California AG Sues Veterans’ Charity
August 10, 2012 Mark Hrywna
Five years after being the focus of a congressional oversight hearing, a California veterans’ charity is being sued by the state Attorney General’s Office for more than $4.3 million regarding allegations of fraudulent fundraising, self-dealing and excessive executive compensation.
Attorney General Kamala Harris yesterday filed a civil lawsuit in State Superior Court in Riverside County also seeking removal of officers and directors of Winchester, Calif.-based Help Hospitalized Veterans (HHV), which distributes arts and craft kits to hospitalized veterans.
HHV officials did not return telephone calls seeking comment.
“The officers of Help Hospitalized Veterans improperly diverted money that hard-working and patriotic Americans donated to support injured vets,” Harris said via a press release announcing the litigation.
The lawsuit alleges that directors and officers of HHV breached their fiduciary duty by wasting charitable assets on golf memberships and a condominium for use by officers, and authorizing excessive executive compensation to the group’s former president, Roger Chapin, and current President Michael Lynch.
The suit alleges that the HHV board approved compensations packages for Chapin and Lynch that were “unreasonable and excessive” and in violation of the law, including unlawfully approving retroactive salary increases. Chapin received more than $2 million in excessive compensation, including a lump-sum retirement payment of nearly $2 million in a Supplemental Executive Retirement Plan (SERP), and Lynch received more than $900,000 in excessive compensation, the lawsuits states.
A veteran of the U.S. Army Finance Corps, Chapin retired as president of HHV in August 2009. The lawsuit seeks general and punitive damages, restitution, civil penalties and the removal of those officers and directors named in the lawsuit.
In 2007, Rep. Henry A. Waxman (D-Calif.), then chairman of the House Oversight and Government Reform Committee Hearings, held hearings about the fundraising practices and overhead of veterans’ charities, where Chapin testified.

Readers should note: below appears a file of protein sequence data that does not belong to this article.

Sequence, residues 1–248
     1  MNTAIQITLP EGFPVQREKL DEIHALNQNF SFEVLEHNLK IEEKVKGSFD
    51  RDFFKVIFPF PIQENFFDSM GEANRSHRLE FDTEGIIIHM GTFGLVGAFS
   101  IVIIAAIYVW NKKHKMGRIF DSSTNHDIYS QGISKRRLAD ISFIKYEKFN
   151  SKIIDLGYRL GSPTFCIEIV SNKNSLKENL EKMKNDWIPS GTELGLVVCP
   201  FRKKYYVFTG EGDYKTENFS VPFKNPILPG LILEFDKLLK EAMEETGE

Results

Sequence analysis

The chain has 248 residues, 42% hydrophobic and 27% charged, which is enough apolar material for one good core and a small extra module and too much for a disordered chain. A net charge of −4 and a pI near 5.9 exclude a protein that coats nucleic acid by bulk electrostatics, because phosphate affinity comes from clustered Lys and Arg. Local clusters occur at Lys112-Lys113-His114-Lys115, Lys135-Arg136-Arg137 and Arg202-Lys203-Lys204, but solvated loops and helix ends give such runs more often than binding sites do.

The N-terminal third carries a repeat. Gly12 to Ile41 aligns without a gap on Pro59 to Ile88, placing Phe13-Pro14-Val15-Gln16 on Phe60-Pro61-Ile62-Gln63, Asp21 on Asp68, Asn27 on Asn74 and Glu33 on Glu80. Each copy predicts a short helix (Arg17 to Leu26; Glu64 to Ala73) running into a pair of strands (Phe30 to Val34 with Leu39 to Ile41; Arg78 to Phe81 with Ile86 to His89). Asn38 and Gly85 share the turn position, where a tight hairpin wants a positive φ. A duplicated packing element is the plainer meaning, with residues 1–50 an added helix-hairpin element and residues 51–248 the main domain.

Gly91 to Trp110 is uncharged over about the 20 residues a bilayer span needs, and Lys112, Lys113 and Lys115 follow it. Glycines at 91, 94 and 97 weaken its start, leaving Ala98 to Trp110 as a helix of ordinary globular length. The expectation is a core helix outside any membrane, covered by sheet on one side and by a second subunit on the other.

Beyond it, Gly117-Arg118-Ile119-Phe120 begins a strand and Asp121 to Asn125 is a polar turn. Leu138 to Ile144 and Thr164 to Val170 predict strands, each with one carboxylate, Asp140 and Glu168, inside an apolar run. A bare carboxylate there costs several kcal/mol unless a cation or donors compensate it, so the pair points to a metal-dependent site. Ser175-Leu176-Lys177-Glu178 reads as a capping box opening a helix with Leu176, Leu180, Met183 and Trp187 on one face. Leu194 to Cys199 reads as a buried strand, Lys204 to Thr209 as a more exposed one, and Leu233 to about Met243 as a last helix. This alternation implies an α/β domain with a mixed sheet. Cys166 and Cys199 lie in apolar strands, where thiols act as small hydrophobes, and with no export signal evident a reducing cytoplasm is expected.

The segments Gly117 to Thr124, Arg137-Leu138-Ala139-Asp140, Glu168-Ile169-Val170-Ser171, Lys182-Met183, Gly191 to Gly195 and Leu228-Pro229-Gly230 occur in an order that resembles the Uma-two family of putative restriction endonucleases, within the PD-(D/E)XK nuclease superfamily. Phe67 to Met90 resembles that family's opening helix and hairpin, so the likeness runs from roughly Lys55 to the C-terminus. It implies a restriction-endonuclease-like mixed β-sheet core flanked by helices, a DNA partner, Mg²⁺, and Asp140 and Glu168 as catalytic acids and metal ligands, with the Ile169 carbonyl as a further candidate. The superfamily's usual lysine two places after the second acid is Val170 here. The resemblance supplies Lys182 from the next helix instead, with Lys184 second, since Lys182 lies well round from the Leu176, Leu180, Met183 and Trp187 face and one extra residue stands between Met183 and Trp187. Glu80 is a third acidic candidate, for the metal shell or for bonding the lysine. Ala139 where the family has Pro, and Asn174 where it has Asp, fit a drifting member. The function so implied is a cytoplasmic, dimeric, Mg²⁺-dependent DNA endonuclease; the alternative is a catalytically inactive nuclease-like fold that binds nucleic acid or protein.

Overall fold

Also named as defendants in the lawsuit were former employee Elizabeth Chapin, Roger Chapin’s wife; the charity’s officers or directors Robert Beckley, Jr., Thomas Arnold, Leonard Rogers, and Gorham Black; accountant Robert Frank and McLean, Va.-based Frank & Company, PC; and direct-mail professional fundraiser Creative Direct Response, Inc., in Bowie, Md. Calls to CDR seeking comment were not immediately returned.
Chapin also is charged with self-dealing, including loans HHV allegedly made to a vendor, American Target Advertising (ATA). ATA was not named as defendant in the complaint.
ATA President of Corporate and Legal Affairs Mark Fitzgibbons, a frequent critic of state charity regulators, said he hasn’t yet seen the complaint but the company has a longstanding policy that it does not talk about its clients. ATA was not named as defendant in the complaint.
The lawsuit alleges that the nonprofit used “accounting gimmicks” to “inflate the amount of income purportedly spent on providing veterans’ services while artificially minimizing the amount reportedly spent on fundraising.” For example, in one case it led to a drop in reported fundraising costs from 65 percent of total costs to less than 30 percent, resulting in “substantially false” filings to both the Internal Revenue Service (IRS) and the Attorney General’s office.
Among the other charges in the complaint are aiding and abetting a breach of fiduciary duty against Frank and his accounting firm; wrongful acquisition of property/unjust enrichment against Chapin and his wife Elizabeth, for reimbursements. CDR was accused of misrepresentations in solicitations to donors, along with HHV, its directors and officers.
In its most recent IRS Form 990 filing, the 40-year-old charity reported total revenue of almost $33 million. ATA was compensated about $2.4 million and CDR about $867,000 as consultants on direct mail programs that had gross receipts of $29 million from the activity.
Among the other allegations in the complaint:
* A Maryland company called EZScores donated sports scorecards in 2005 to the Coalition to Salute America’s Heroes (CSAH), another charity founded by Chapin, which would distribute these calling cards to active duty military personnel, allowing them to obtain sports scores and information by telephone. Both HHV and CSAH claimed almost $19 million in donations as revenue and program services expenses, according to the attorney general.
* HHV purchased a condo in 2006 “without adequate inquire into the prudence of that investment,” which incurred a loss of more than $150,000. There also was the $80,000 spent for golf club memberships as a perk for board members and inadequate monitoring of reimbursements for employee travel, entertainment and gifts.
* Lynch approved wasteful and expensive reimbursements to Elizabeth Chapin for gifts to people at ATA. From 2003 through 2006, HHV allegedly provided at least four loans to ATA totaling some $800,000 that was not paid back in full, according to the complaint.